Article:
how to repair a wetsuit

Tips and techniques to keep a wet suit in good shape for more than one season.

Teaching SCUBA diving for over 15 years I have had the pleasure of helping a few hundred people learn to dive and have lead countless others on dive excursions. However of all these people less than 10% have been able to properly put on a wet suit. Commonly, I have found many people One of the first purchases most divers make is a wet suit. Yet so many never really learn to put on properly, nor how to take care of the suit so that it lasts for more than one or two dive seasons. I have suits that are still good after 5 years and lots of hours under water.

With the faster pace of today's dive programs and the fact that many stores or rental shops have sales persons helping you select your equipment there are few who really know have to properly put on a suit. The maintenance  of wet suits is not taught in any basic SCUBA class, this has become a "Speciality Course" within the industry.


1. Always row the ankle and wrist cuffs back over themselves prior to putting the suit on.

2. "Shotgun" or double your pant leg down to the knee and then slip your foot into the suit, rolling the pant leg up your leg. Avoid pulling on the suit to make it slide up the leg.

3. Never pull on the quick zipper string without holding the zipper tag a the bottom of the zipper. Always pull over your shoulder up past your nose.

4. Adjust your suit a little at a time. And if the suit does not feel right change it.

Wetsuit Cleaning

Salt water and especially chlorine can "dry out" the neoprene material. When neoprene material "dries out" it looses it's flexibility. To ensure the wetsuit material retains it's flexibility for a extended period of time, it is important to thoroughly soak and rinse the wetsuit. Soak the wetsuit in a tub of warm fresh water (not over 120°F) for at least 15-20 minutes. After soaking, thoroughly hose off the wetsuit with fresh water.

Place the suit on a thick hanger with all the zippers open to ensure maximum air circulation and complete drying.

Small Wetsuit Repairs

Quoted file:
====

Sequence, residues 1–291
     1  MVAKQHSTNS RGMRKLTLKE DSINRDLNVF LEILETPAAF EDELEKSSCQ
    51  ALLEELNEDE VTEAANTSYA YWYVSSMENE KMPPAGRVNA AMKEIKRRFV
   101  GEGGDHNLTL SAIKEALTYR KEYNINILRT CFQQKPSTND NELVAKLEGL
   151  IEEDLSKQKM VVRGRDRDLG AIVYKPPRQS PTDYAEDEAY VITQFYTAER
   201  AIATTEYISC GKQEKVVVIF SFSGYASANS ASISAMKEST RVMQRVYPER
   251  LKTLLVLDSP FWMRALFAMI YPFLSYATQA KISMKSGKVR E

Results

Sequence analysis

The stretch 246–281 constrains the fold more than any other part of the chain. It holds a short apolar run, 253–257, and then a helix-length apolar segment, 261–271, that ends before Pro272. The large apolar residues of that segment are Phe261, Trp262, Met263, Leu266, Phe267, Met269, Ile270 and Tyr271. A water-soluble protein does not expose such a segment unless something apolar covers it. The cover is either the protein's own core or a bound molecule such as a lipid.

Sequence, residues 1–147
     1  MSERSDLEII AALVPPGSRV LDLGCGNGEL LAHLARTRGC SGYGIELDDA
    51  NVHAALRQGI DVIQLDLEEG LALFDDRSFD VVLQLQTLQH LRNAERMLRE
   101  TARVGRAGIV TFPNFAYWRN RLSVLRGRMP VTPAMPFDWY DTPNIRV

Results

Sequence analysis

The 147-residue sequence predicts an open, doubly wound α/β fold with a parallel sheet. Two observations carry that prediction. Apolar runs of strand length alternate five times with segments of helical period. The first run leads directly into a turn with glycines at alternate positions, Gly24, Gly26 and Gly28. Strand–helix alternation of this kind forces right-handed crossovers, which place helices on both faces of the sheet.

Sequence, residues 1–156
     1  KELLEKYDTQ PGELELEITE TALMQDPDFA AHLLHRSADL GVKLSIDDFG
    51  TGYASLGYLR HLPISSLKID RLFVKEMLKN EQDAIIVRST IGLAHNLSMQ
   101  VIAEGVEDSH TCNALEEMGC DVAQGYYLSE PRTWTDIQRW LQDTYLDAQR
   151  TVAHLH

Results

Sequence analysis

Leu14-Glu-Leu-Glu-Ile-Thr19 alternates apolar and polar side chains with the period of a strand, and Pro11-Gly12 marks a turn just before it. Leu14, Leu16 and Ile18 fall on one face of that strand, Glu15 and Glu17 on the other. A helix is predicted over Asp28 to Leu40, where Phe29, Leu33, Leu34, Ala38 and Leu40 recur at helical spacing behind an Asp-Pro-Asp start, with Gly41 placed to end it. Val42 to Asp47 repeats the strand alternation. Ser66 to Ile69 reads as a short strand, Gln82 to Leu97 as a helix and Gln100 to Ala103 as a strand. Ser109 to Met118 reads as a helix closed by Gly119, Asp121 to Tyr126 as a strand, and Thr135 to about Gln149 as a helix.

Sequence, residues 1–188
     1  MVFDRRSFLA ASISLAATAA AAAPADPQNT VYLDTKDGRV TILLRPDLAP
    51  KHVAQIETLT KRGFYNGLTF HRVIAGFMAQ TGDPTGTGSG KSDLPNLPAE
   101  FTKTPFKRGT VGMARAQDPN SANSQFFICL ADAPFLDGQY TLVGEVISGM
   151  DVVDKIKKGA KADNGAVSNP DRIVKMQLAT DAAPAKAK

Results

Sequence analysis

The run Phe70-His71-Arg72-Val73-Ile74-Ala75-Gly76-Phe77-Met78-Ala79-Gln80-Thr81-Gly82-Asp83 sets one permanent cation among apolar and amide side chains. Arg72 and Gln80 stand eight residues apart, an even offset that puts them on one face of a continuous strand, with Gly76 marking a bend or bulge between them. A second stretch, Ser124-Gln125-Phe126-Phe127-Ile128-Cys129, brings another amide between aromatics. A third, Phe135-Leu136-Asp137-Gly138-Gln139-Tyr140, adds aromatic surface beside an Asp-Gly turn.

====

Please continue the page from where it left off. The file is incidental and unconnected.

To repair small tears - try to make it a habit that after your dive to clean and inspect all equipment used, and make any repairs as soon as the equipment is clean and dry.

If you locate a small tear caused by your finger nails or perhaps a rock during entry or exit mark with a peice of chalk

1) Start with some neoprene glue and 3 basic household items.

a) Aqua Seal black Seal Cement 60 ml (2 fl. oz) tube (available at your Nineteen retailer or local dive shop)
b) cotton swab
c) scissors
d) household cellophane tape

2) Clean and prep the surface in and around the fingernail cut.

Make sure the area in and around the fingernail cut is dry and clean. If dirty, use a warm damp rag to clean the surrounding area. Make sure that area is completely dry before commencing the next step.

3) Applying wetsuit glue to the fingernail cut.

For best results, apply the wetsuit cement to the fingernail cut with an applicator. by cutting off one end of a cotton swab with the scissors, you've just made the perfect glue applicator.

Lightly pinch the neoprene together as pictured to open up the fingernail cut. Using the cotton swab, apply a small quantity of glue to the inside and outside edges of the cut. when you release the neoprene, some glue should ooze out. The secret to a good repair is to have a thin film of glue on the outside surface of the cut as well as inside.

4) Making sure the cut remains together until the glue dries

Now that the glue has been applied, you have to make sure the cut does not open up. this is done by applying a small piece of cellophane tape perpendicularly across the cut. this will hold the two sides together until the glue dries.

Ideally you want to allow the glue to dry over night, but a few hours will do. Once the glue is dry to the touch, gently peel the tape away. Due to the surface treatment of the wetsuit neoprene, the tape will come off easily and at the same time remove any excess glue on the surface.

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